Pilgrim's Bread
Pilgrim's Bread Podcast
April 12: Proverbs 30

April 12: Proverbs 30

Exodus 23; John 2; Job 41; 2 Corinthians 11

While Proverbs 31 and its virtuous woman gets all the press, Proverbs 30 is chock-full of truth that deserves our prolonged and repeated reflection.

For now, I will only comment on the first four verses. With our perspective, here on the other side of the cross, it is difficult to know whether this is a proverb or a prophecy. The proverbial portion rings as true now as it did then. The way to become “weary” and “worn out” in life (1) is to live without the understanding that a man should have (2). Many such cases exist in the world. Living by one’s own intuition and by our generation’s platitudes does not lead to strength and flourishing but to being used up and tired. Foolishness is exhausting.

But there is wisdom here. Agur is wise enough acknowledge his lack of wisdom (3). This is a good start. The exhaustion is telling him (and us) something, and the wise man stops and asks, “What is it saying?”

The next step of wisdom is that Agur looks up, not inwardly. Modern psychotherapy says, “look within yourself for answers.” After all, modern psychotherapy seeks to “cure the soul” (that’s what the word means in Latin), but without regard for the Creator. But the first glimmer of wisdom, after acknowledging our lack of it, is to look outside ourselves for wisdom, for the immutable Logos of the universe (John 1:1).

Remarkably, our man Agur has the sense to conceive that wisdom is not found in some impersonal ether that floats disembodied in the air, but in a Person (4). If only there were Someone who could ascend to the heavens, grab hold of the timeless wisdom of God - the Logos, as the Greeks called it - and then come down and share it with him. But this Person would have to have authority over nature itself, demonstrated by His command of the winds and the waters (4b).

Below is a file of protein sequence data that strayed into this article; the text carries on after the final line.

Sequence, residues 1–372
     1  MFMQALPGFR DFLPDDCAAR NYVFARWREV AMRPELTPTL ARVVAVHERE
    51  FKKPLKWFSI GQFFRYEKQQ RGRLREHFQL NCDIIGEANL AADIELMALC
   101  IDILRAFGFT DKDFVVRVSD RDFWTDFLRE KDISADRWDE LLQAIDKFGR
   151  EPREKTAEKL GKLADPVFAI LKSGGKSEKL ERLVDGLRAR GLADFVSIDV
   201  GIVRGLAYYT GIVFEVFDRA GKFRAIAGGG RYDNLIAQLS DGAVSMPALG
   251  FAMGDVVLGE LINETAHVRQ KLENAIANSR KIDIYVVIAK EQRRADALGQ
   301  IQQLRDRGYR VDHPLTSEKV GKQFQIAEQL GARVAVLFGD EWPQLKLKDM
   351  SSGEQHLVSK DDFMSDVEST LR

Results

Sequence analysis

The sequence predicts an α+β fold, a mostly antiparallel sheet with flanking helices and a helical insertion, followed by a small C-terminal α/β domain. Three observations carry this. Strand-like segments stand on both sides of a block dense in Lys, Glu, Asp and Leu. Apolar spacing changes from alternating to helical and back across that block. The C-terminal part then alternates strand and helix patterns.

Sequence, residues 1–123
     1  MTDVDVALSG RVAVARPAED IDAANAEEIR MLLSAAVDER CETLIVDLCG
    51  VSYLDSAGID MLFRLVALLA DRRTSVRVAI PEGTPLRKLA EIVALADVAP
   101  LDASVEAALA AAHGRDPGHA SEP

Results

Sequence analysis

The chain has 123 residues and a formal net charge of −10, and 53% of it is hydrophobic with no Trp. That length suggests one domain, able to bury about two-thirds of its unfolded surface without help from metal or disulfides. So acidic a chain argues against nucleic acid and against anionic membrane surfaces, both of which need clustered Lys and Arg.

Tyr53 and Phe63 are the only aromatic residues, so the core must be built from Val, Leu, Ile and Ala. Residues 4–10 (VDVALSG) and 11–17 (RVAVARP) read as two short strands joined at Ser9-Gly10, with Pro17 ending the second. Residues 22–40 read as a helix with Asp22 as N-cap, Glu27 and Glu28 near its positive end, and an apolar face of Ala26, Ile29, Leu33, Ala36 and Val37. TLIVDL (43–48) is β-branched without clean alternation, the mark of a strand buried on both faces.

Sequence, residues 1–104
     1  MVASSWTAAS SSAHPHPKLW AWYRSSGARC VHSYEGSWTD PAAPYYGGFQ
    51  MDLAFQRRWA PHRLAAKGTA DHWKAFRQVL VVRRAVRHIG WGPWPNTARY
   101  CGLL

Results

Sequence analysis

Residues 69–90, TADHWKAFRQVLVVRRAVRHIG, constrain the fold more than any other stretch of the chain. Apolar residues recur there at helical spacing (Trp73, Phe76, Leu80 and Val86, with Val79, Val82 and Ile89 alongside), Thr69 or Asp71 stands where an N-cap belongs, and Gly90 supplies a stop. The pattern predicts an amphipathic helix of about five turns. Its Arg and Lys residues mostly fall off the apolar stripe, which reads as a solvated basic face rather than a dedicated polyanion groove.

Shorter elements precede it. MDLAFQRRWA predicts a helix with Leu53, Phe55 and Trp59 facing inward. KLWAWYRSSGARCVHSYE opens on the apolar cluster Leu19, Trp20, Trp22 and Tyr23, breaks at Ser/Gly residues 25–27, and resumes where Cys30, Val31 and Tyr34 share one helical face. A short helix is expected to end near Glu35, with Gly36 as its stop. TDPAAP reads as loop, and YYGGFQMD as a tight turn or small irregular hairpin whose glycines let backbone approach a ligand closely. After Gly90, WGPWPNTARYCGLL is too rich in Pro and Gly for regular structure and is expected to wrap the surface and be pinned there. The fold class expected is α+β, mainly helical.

Come to think of it - this Person would need to be the Creator, the One who established the ends of the earth. What is His name? What is His Son’s name?

And then, in a wry twist, our man Agur turns to us, the readers, and asks of us - Surely you know?!

Yes, His name is Yahweh, and His Son is Jesus the Christ, the living Word, the Logos, the One who is both with God and who IS God. Jesus is the Son who is the one who speaks with authority to nothing, “Let there be light,” (Gen. 1:3) and to the oceans, “Peace, be still!” (Mark 4:39), and they obey.

And he is the one who descends from the heavens, Himself the Word of God (Heb. 1:1). He descends to become our slave, our sacrifice on the cross, to take authority for all our sins and grant us forgiveness. And then he was our cry of triumph in Sheol to our enemies (1 Peter 3:19).

Yet death could not hold him, and so not only was he raised from the dead, but he also ascended back to his Father’s right hand. Yet this time, he was not alone. He brings with himself “a host of captives,” (Eph. 4:8) - all those who have placed their faith in him. By faith we who are in Christ are now united with the wisdom of the ages . . .

. . . that Agur longed to see. What a privilege we have, to see what Agur could only long for. What a privilege, and therefore what a responsibility. Where is wisdom found? Only in Christ. Only in humbly submitting to His words, as being authoritative over every aspect of life.

No matter where we are in life - that exhaustion when we feel it, is telling us something: “Submit yourself, humbly, like a child, under His very words - and find life!”

Pilgrim's Bread
Pilgrim's Bread Podcast
A daily commentary on the Bible, keyed to the M'Cheyne Bible reading plan.
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